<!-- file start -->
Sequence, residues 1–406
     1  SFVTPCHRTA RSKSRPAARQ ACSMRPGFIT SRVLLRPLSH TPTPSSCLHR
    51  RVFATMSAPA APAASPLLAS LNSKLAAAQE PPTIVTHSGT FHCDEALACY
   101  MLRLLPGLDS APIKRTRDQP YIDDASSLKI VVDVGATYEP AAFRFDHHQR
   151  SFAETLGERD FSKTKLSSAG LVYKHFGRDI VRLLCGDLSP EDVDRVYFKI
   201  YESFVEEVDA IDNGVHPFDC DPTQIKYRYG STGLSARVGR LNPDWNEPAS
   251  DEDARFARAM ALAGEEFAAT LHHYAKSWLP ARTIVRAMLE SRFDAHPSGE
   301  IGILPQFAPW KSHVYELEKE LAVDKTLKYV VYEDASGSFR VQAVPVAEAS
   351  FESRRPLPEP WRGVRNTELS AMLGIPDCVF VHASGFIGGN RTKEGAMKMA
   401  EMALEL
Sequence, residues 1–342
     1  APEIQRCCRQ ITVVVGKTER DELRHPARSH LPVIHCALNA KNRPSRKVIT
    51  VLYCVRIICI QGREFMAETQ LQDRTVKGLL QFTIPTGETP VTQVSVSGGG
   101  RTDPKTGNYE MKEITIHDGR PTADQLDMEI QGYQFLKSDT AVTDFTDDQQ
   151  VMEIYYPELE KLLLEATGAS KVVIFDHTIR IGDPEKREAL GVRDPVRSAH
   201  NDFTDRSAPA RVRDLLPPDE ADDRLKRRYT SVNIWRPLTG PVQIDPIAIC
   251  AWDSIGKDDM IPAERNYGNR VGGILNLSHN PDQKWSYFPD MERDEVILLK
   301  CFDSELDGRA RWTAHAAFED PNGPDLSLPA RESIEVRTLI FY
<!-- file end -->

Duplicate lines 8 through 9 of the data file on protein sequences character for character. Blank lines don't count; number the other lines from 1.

   301  IGILPQFAPW KSHVYELEKE LAVDKTLKYV VYEDASGSFR VQAVPVAEAS
   351  FESRRPLPEP WRGVRNTELS AMLGIPDCVF VHASGFIGGN RTKEGAMKMA